Many programs have been written which visit site after site to compile indices of information on Web pages everywhere, so that the Web user may look up specific pages according to specified search criteria. These programs are called ‘search engines’. All of these programs operate at a page level: the smallest unit returned to the searching user is a complete Web page, which the user must scan manually to find desired information. By its incorporation in the indexing functions of a search engine, the invention offers a step forward from the situation just described, in terms of granularity of access. A user of a search engine employing the invention will receive from a search not only indexing information on the page, but also a precise script which, when executed by the user's script-capable browser, will present the user with the exact location of the terms the user searched. For the user, the script eliminates manual searches within a Web page; for the search-engine supplier, the capability just described offers added value for the product. For the telephone browser, the reduction of returned results from a Web access produces cost savings in storage and output requirements. The capabilities described above make the invention useful to the Internet community at large, and make it attractive to the developers and providers of browser and search-engine software as an incorporated element in their products. To the end user, the invention offers the ability to drastically lessen the time spent hopping from site to site on the World Wide Web. For telecommunications suppliers such as Nortel Networks, the invention provides a strong component of Web software which can be marketed to software-development firms as a value addition. The invention's telephone-browser embodiment offers the telecommunications supplier an attractive component to augment and leverage the sale of ‘smart’ telephones integrated in their operation and richness of function with the World Wide Web itself. Although the description, operation and illustrative material above contain many specifics, these specifics should not be construed as limiting the scope of the invention but as merely providing illustrations and examples of some of the preferred embodiments of this invention. For example, the choices of programming languages, filter-script languages and processing methods may be designed and implemented in any combination which produces the effects specified for this invention. Thus the scope of the invention should be determined by the appended claims and their legal equivalents, rather than by the examples given above.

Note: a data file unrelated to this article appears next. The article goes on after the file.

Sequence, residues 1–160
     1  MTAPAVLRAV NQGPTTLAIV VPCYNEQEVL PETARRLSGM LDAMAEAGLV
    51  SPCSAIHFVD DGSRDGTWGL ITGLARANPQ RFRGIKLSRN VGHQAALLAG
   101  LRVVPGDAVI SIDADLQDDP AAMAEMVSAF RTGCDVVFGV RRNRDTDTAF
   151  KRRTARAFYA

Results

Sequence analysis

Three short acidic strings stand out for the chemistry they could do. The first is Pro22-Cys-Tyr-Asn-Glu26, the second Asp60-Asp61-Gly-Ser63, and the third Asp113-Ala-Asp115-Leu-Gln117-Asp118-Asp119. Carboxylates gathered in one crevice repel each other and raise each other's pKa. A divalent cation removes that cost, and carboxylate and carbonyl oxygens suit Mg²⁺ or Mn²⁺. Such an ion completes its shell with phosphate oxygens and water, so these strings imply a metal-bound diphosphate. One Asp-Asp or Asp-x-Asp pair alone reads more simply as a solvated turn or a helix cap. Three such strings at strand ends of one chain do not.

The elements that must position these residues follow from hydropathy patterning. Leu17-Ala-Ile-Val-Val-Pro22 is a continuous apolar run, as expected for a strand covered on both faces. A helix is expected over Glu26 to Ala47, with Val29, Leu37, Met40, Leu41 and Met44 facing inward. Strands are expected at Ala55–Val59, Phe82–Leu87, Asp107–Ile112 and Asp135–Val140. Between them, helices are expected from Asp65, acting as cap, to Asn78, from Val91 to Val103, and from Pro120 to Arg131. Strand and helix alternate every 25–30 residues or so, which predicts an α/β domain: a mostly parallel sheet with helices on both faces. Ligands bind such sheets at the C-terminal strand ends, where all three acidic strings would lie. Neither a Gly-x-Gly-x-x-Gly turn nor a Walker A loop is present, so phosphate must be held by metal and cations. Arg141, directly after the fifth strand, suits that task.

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Classifications